Austerity’s inauspicious historical precedents

By Felix Salmon
February 23, 2011
my favorite book on the history of sovereign debt.

" data-share-img="" data-share="twitter,facebook,linkedin,reddit,google" data-share-count="true">

One of the best aspects of being a journalist is that you get to talk at length to the most knowledgeable and interesting experts on just about any subject you can think of. For me, yesterday was a prime case in point: a long and fascinating lunch with James Macdonald, the author of my favorite book on the history of sovereign debt. Turns out he also has a microscopic vineyard in Tuscany, so the conversation ebbed wonderfully from economics to wine and back.

Macdonald has an economic historian’s view of the current austerity debate, and he was very clear: if you look at the history of countries trying to cut and deflate their way to prosperity while keeping their currencies pegged, it’s pretty grim — all the way back to Napoleonic times. Sometimes, the peg is gold. For a good example of the destructive abilities of that particular peg, look at the UK in the 1920s, which Macdonald says was arguably worse than the US in the 1930s: shallower, to be sure, but substantially longer. The devaluation of the pound, when it finally came, was very long overdue.

At other times, the peg is simply political: Macdonald gives the example of southern Italy being locked into what was essentially the Piedmontese monetary system at the time of the Risorgimento. That might have been well over a century ago, but there’s a case to be made that it has hobbled just about everywhere south of Rome to this day — and that’s in a country with about as much internal labor mobility as between EU countries.

So from a historical perspective, the prospects for countries like Portugal, Ireland and Greece are pretty grim. They can cut their budgets drastically and stay pegged to the euro, but most of them would be better off in the position of Iceland, which can and did devalue in a crisis (and allowed its banks to default, too). So far, the Baltic states have stuck to their deflationary guns with the most determination and discipline, but such things work until they don’t: at some point it’s entirely possible that Latvia or Estonia could pull an Argentina and kickstart growth by devaluing.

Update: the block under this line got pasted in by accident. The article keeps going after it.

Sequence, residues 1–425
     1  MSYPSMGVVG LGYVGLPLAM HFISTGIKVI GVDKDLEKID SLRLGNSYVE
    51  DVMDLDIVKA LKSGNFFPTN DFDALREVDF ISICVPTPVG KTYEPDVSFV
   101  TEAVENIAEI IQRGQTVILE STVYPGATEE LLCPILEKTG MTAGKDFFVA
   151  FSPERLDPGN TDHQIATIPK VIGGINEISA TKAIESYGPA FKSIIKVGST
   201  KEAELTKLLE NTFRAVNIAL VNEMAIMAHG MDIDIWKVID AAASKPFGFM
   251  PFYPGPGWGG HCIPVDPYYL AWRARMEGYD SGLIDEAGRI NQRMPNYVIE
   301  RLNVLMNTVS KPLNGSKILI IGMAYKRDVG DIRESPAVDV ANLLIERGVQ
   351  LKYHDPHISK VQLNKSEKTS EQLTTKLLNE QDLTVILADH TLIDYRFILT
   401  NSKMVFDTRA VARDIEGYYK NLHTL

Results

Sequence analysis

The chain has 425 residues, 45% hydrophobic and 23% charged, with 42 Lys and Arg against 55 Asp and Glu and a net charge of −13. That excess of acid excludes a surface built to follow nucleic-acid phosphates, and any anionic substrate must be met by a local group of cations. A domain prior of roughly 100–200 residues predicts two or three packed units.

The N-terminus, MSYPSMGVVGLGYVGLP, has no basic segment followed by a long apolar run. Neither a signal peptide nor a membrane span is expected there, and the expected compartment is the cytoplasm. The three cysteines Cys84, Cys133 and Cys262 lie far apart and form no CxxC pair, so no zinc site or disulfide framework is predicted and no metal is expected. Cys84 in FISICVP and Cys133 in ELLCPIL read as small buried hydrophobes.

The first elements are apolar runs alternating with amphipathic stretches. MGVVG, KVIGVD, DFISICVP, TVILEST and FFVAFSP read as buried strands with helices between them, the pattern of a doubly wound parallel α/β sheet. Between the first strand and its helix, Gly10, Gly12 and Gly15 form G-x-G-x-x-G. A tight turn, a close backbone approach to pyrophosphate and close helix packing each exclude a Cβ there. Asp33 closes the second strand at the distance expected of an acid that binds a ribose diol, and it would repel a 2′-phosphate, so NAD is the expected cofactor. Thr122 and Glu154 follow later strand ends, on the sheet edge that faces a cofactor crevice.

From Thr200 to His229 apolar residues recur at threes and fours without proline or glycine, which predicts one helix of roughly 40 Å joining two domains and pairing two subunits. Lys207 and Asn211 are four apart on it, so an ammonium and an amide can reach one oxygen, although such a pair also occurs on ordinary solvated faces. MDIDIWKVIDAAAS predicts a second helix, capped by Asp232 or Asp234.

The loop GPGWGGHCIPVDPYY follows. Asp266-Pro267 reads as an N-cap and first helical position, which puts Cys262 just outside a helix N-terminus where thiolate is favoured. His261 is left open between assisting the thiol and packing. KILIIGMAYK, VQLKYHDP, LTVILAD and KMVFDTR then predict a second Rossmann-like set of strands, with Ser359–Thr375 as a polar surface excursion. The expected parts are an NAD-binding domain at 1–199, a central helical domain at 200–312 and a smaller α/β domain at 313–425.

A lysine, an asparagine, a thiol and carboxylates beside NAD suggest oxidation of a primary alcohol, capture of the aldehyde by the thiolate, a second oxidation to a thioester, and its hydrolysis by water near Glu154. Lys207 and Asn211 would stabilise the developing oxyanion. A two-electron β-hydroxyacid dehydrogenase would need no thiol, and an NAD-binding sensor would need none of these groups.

All of this is relevant for the US states, of course, which are also locked into a currency union and facing very tough fiscal cuts, as Steven Pearlstein says today:

Will the pain come in the form of prolonged high unemployment? Or wage and salary cuts? Or reduction in the value of homes and financial assets? Or loss of ownership of American companies? Or price inflation? Or higher taxes? Or reductions in government services and benefits?

The right answer, of course, is “all of the above.”

Meanwhile, David Leonhardt takes an important look at Germany, which you might think was benefiting, in some kind of zero-sum mathematics, from the pain of the European periphery. It isn’t: German GDP is still significantly lower than it was in the first quarter of 2008, while US GDP is now back above its pre-crisis levels. (Britain is doing significantly worse than either.)

“The historical lesson of postcrisis austerity movements,” writes Leonhardt, “is a rich one,” and also clear: they don’t work, even if they’re “morally satisfying.”

The answer, it seems, would be for crisis-hit countries to do the equivalent of what Macdonald and I did at lunch yesterday. I was coming off a slightly feverish and bed-ridden Monday, but we still went ahead and ordered the macvin, a spectacular fortified late-harvest white (yellow, really) pinot noir from the Jura. It goes very well indeed with mangalitsa ham. And I feel much better today, thanks.